I don't know what models they are. Sorry :/ I know they're definitely tube amps though. And we're not really playing gigs. We've just played open mics at Sam Ash music store every Wednesday. And the amps aren't miced. There is a guy manning a soundboard, so maybe they are miced? I'm not sure because I don't see any monitors or or mics near the amps, but we're definitely not scooping the mids. I keep mine at 5 and he turns his up to a 7 or 8. The bass and treble are around 6 or 7. Gain is at 7 or 6. Not sure what presence is for though.


and we have a winner! more mids you need to have hmmmm?
#13
Ok. Thanks. Now say the mids are the same, but the problem persists. What should I do then?
#14
Quote by WaltTheWerewolf
and we have a winner! more mids you need to have hmmmm?
Not necessarily. We don't even know what model the amps are. One might have very strong mids already and turning it down might match another amp with the mids cranked. The numbers on the front are hardly represent the same frequency range for every amp.

Mids are important but you dont want to over do it. Take my V3m as an example, anywhere past 6 or 7 on the mid range and the amp turns into a muddy mess. Keeping them at 5 is actually enough. Then on my Ampeg VH140c, you need to crank the mids way up to reach acceptable rock levels (obviously its meant for scooped metal tones).
#15
Quote by ExDementia
Not necessarily. We don't even know what model the amps are. One might have very strong mids already and turning it down might match another amp with the mids cranked. The numbers on the front are hardly represent the same frequency range for every amp.

Mids are important but you dont want to over do it. Take my V3m as an example, anywhere past 6 or 7 on the mid range and the amp turns into a muddy mess. Keeping them at 5 is actually enough. Then on my Ampeg VH140c, you need to crank the mids way up to reach acceptable rock levels (obviously its meant for scooped metal tones).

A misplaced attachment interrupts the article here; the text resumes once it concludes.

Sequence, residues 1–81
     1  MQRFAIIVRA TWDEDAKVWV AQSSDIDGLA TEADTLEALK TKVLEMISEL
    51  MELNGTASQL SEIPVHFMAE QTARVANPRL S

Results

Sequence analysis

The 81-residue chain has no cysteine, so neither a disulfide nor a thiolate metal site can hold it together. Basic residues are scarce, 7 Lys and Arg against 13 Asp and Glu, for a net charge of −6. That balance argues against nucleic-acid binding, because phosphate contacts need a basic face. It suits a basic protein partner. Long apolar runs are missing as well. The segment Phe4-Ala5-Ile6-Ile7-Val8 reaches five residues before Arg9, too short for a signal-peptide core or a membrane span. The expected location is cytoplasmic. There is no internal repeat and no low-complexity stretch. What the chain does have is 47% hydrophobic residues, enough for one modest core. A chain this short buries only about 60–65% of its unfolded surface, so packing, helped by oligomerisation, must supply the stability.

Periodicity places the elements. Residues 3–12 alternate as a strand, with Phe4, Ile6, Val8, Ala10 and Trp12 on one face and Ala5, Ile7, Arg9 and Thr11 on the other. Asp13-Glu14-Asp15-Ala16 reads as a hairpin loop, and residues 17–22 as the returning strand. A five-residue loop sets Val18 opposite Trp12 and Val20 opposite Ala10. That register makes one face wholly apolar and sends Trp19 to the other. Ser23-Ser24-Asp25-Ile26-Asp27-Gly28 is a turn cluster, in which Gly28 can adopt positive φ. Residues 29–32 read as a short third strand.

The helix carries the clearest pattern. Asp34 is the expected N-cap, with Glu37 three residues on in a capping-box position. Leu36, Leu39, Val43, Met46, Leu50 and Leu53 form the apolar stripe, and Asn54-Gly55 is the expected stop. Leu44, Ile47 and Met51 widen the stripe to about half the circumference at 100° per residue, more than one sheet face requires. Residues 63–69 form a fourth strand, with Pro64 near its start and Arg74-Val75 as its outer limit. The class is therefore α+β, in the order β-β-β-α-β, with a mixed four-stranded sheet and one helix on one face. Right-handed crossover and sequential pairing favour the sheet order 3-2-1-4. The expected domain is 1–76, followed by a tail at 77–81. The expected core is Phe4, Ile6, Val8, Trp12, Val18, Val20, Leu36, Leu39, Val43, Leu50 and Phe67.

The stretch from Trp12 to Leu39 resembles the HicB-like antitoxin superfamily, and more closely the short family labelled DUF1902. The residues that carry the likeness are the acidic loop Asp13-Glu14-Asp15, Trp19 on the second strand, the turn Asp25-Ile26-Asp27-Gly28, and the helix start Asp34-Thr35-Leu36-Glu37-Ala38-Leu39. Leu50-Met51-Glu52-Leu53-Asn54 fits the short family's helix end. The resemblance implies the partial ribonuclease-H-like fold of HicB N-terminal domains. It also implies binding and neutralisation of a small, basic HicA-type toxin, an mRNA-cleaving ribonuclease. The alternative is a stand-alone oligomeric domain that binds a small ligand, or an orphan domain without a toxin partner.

Good point there, Mesa are dark sounding to my ears so it probably needs more mids than the marshall I guess. Perhaps gain can be a factor too?
#16
We have our gain around 7. Could presence be a factor? I'm not sure what that knob does on those tube amps.
#17
Presence effects the high range mostly.

This thread is getting kind of stupid and it really isn't helping you at all. Honestly, it just sounds like you need to turn up. You can't give us the model names so we have no idea what either of you sounds like. We can say "hey, turn this knob a bit," but really, we're just taking a shot in the dark.

Sit down and jam with the guy for a bit and mess with your settings until you cut through the mix better. That will solve your problem 1000 times faster than us just guessing what you need. It sounds like you need experience EQ'ing yourself anyway.

/thread
#18
Not being funny but have you considered that perhaps you just aren't turning up enough? Mesa's tend to be dark and tight - Marshalls have rather a middy crunch sound naturally - assuming you aren't deliberately EQ'ing them to sound the same i'd think you would be out of each others frequency range anyway.

My Guess? We perceive mids and highs as being louder than Lows, so i reckon because you are right in front of your amp and can hear yourself fine you assume you're loud enough out front - so just turn up man, problem solved.